The Theory of Elementary Waves (TEW) is a little known alternative to quantum mechanics (QM). Other alternative theories have taken QM and tinkered with it: for example they all share the idea of non-locality. TEW takes a different approach. We choose to think outside the QM box. We do not assume wave-particle duality, complementarity, superposition of states, wave function collapse, probability densities, wave packets, or other QM principles.
TEW is first and foremost a way of understanding experimental data. Our ideas come from empirical research (published by others). Here are two things we learn from experiments:
- Waves can travel in the opposite direction as particles:
- Waves and wave interference exist everywhere in nature, traveling in all directions, & all wavelengths.
You and I live in an ocean of elementary wave interference. We don’t see elementary waves, but we see their effects. The world we do see is shaped by elementary waves. TEW was discovered in 1993 by Dr. Lewis E. Little, who has a PhD in physics from NYU. He spent his career outside physics, in the financial world as a commodities trader.
I have been in conversation with my cousin Lewis for more than half a century. We began our discussions sitting on Grandma Beech’s living room floor before Thanksgiving and Christmas dinners, and continued them when I followed Lewis to be an undergraduate in the math department at Brown University. Currently we are old men, outside of academia. I am in my 70’s. Lewis is two years older than me, and is retired.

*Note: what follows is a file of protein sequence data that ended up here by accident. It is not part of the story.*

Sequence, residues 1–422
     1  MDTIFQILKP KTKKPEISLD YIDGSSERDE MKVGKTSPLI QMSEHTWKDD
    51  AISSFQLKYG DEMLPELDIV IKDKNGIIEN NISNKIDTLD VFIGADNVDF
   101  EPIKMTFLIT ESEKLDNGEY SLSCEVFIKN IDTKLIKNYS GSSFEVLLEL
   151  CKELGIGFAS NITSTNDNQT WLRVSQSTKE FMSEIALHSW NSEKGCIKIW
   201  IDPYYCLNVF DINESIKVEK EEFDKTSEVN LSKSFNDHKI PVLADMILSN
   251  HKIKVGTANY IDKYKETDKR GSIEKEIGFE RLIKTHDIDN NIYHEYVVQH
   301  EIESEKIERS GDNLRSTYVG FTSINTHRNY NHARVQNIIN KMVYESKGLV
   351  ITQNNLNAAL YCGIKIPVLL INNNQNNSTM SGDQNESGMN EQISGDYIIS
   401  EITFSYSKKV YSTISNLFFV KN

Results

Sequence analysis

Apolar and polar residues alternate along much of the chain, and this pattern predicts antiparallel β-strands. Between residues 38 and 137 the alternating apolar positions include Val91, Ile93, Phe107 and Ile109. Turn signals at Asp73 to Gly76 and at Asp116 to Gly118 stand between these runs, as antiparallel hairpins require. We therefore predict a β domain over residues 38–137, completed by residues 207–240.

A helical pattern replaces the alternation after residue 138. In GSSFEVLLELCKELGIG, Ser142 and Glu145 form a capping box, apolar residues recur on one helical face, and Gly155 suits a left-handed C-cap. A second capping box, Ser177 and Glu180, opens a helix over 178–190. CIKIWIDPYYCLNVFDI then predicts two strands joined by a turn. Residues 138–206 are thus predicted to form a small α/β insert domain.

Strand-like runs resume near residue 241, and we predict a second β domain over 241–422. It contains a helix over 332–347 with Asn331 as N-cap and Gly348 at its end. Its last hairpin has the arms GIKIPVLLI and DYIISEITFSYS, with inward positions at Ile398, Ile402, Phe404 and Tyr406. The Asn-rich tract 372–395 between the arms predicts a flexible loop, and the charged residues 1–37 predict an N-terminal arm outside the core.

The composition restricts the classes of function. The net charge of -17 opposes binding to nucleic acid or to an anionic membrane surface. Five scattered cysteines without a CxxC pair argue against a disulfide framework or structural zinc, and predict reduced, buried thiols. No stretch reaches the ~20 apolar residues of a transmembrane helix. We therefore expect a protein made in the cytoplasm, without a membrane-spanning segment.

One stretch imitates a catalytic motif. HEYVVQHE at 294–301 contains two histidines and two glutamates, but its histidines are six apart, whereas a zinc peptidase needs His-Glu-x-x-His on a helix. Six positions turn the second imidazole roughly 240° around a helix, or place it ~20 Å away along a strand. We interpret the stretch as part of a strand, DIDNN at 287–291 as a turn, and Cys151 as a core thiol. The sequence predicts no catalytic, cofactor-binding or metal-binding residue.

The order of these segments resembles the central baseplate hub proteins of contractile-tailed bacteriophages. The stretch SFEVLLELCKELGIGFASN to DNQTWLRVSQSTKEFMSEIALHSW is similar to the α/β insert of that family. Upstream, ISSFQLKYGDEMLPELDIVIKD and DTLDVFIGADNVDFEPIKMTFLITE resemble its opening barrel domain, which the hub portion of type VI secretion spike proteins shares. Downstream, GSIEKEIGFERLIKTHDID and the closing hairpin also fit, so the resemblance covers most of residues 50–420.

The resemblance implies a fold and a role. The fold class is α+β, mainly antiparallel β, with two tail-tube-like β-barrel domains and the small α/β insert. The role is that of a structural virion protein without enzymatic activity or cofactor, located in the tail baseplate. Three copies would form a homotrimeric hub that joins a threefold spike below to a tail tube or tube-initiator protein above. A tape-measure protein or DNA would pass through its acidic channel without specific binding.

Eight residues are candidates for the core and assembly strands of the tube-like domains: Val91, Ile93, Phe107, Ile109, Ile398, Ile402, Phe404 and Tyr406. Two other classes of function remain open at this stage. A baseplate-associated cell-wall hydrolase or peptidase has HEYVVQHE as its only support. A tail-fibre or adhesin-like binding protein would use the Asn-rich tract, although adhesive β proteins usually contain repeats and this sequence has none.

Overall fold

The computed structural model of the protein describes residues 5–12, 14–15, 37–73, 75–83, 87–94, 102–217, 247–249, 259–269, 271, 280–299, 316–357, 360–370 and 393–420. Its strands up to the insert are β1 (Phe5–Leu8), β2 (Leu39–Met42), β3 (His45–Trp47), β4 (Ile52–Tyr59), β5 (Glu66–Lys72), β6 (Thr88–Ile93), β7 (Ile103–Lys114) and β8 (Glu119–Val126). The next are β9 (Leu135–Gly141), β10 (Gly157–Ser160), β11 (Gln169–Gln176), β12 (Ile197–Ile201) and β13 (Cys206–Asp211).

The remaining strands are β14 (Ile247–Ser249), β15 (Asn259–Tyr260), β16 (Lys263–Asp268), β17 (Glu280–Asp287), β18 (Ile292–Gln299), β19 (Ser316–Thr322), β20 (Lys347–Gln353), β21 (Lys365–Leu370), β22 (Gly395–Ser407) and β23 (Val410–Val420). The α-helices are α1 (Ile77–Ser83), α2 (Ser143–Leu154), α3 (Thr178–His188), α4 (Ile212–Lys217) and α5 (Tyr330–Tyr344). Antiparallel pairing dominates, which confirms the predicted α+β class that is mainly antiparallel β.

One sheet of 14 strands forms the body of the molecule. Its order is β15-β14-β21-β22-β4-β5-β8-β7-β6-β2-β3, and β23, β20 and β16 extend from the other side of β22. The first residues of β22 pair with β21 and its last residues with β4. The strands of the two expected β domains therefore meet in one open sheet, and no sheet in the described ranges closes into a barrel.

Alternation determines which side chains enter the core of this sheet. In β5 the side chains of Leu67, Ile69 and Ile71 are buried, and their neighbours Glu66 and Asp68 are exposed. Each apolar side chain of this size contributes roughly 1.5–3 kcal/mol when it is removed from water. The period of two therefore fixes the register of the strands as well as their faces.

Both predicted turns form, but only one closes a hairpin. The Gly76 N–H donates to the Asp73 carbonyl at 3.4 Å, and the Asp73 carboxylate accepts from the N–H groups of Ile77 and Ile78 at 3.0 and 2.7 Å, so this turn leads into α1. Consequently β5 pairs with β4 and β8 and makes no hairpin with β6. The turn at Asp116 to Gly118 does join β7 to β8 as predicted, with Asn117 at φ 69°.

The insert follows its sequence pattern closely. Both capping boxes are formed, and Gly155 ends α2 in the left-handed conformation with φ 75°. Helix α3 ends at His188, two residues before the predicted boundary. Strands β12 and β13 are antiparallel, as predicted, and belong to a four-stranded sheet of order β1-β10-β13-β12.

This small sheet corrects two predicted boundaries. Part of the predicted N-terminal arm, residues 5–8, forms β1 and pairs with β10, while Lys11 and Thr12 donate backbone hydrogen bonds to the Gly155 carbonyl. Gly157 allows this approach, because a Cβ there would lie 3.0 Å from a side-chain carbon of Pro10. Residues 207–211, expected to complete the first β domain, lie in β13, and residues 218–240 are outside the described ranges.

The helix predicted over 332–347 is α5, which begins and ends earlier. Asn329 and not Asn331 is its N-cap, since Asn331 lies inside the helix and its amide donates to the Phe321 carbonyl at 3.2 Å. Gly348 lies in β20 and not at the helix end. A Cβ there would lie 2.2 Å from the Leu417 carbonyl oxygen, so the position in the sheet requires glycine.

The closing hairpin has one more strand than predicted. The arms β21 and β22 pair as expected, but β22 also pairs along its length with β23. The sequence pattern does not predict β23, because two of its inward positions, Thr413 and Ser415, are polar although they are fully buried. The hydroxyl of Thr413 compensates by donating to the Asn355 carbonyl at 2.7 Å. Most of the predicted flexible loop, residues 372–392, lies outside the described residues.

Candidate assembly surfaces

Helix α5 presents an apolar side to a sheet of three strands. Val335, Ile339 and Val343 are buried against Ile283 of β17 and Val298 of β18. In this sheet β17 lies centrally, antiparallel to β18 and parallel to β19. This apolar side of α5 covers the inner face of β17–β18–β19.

Decades ago, when I left mathematics as a career and ended up in medicine, it was partly because I believed that no one over the age of 30 could discover anything new in math. In clinical medicine age is sometimes an advantage, because with experienced comes wisdom. One astonishing thing about TEW is that Lewis Little and I appear to be able to think new ideas, even though we are over the age of 30!
My undergraduate degree is in mathematics from Brown University. My three graduate school degrees are from Harvard, Yale, and Case Western Reserve Universities. Currently my day job is working as a physician at a Yale teaching hospital in Waterbury, Connecticut, USA. I am a psychiatrist.
I respect QM for its incredible accomplishments. I think different theories are useful for different purposes. QM is THE way to solve engineering problems and problems that can be quantified. But QM gives us NO PICTURE of nature. TEW is useful for giving us that picture. TEW can never, and will never “replace” QM.
During my career in medicine, especially my seven years on the research faculty of the National Institutes of Health, I developed a passion for research studies. My contribution to TEW is to study the “delayed choice” experiments. When I re-think these experiments from the viewpoint of elementary waves, there is no “delayed choice.”